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On Rereading Eric Ambler
You find yourself in New Orleans, a famous city you don’t know well, with a break of several hours between sessions of the conference that’s brought you to town. You decide to stroll a bit in the neighborhood of your hotel. No more than five minutes later, you come across an old-fashioned bookstore of the kind where you have spent countless hours over the decades but the likes of which you’ve rarely visited in recent years. You begin to browse: heavenly!
You’ve already picked up a couple of finds when you reach the fiction section, divided into various categories, and your eye is caught by the name of an author you’ve heard of but haven’t read: Eric Ambler. You pull one of his books, a 2004 Vintage/Black Lizard paperback, from the shelf: Passage of Arms, a novel first published in 1959. The epigraph, from Webster’s New International Dictionary, is intriguing:
9. A mutual act or transaction; something that goes on between two persons mutually; a negotiation; an interchange or exchange of vows, endearments, or the like; an interchange or exchange of blows; encounter; altercation; a fencing, as in argument; as, a passage at or of arms.
You find that epigraph very appealing, and you flip through the first several pages until your eye is caught by this: “When the time came for Girija to leave, however, he asked for only one thing that had belonged to his father: the bus-body manufacturer’s catalogue.” What?! A substantial description of the catalogue follows, the paragraph concluding thus: “It was Girija’s most treasured possession.” You’re hooked.
My own introduction to Ambler, ages ago, was far more prosaic, but even so there was a sense of discovery, of encountering for the first time a remarkable sensibility, a mind with a very strong flavor. Decades later, in the midst of an Ambler reread, I feel it still.
I often use the word “reread” as a noun, self-defined thus: “reread: a chronological revisiting of a fiction-writer’s work, typically but not always comprehensive.” (I may skip a book or two or three that I simply didn’t like.) I never undertake such a project out of a sense of duty; it overlaps with but is not the same as the selective rereading one does for a review (of a biographical-critical study of Kafka, for instance, or a late novella by Cynthia Ozick). In fact, my rereads are usually set in motion by impulse. Quite recently, a bit from Ambler’s novel A Coffin for Dimitrios at the Literature Clock made me realize that more than a decade had passed since I made my way through his novels. I resolved immediately to begin a reread.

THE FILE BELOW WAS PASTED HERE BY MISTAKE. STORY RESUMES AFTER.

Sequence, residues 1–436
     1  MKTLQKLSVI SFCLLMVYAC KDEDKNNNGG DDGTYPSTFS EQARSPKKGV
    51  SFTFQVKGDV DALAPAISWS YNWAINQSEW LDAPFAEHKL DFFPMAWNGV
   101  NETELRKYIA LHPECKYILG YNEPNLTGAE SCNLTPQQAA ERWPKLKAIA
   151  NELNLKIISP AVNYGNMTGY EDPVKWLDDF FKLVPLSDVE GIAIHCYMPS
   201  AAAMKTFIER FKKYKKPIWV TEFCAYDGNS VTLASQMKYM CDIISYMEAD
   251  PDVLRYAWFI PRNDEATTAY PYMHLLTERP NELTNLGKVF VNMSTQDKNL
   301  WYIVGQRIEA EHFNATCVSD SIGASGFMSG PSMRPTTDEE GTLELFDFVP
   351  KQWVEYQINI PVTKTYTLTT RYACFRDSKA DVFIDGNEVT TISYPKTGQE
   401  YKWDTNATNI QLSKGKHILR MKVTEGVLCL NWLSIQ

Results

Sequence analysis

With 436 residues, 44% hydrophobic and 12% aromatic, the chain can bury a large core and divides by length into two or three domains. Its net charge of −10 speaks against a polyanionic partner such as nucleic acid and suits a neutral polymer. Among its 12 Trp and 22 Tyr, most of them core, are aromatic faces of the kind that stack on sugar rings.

Some rereads are leisurely, spread out over many months; this is especially the case when the writer in question has produced an enormous body of work. (I’ve never even attempted a comprehensive Henry James reread; I’ve done it over a long while in selective chunks.) Others are concentrated; the day after I finish one book, I start the next in line (so it has been for Ambler). Sometimes, closing a just-completed novel in the wee hours, I’m tempted to embark on the next one that very minute! But I (usually, wisely) resist that impulse.
If you haven’t read Ambler, Passage of Arms wouldn’t be a bad choice to start with, to see if he’s your cup of tea. The deviously complex “transaction” adumbrated in the epigraph turns out to involve a cache of arms in Malaya, a prosperous and naïve American engineer and his wife on a cruise to Southeast Asia, a Muslim guerrilla leader, Chinese smugglers, and more, all set in motion by our unassuming hero, Girija, whose lifelong dream has been to “operate a bus service”!
I have no business telling you what to read, but supposing that you do read and enjoy A Passage of Arms, consider going back to Ambler’s second novel, Background to Danger (1937), and reading through the rest of his novels in order of publication (as far as you’re inclined to go—at least through The Levanter, I hope). Then read his first novel, The Dark Frontier (1936), in the 1990 edition that includes an introduction by Ambler looking back at the genesis of this book, which began as a parody.
If you are inclined to read something about Ambler, there’s a chapter in Gavin Lambert’s excellent book The Dangerous Edge (American ed., 1976) devoted to John Buchan and Ambler; Lambert also takes up Wilkie Collins, Sir Arthur Conan Doyle, G.K. Chesterton, Graham Greene, Georges Simenon, Raymond Chandler, and Alfred Hitchcock. Someone should reissue Lambert’s book with an intro by a superb writer; I can’t imagine why that hasn’t happened already.
Ambler’s view of our common world is in many respects different from mine, but I have learned a lot from his books as well as enjoying them immensely. Maybe you will as well.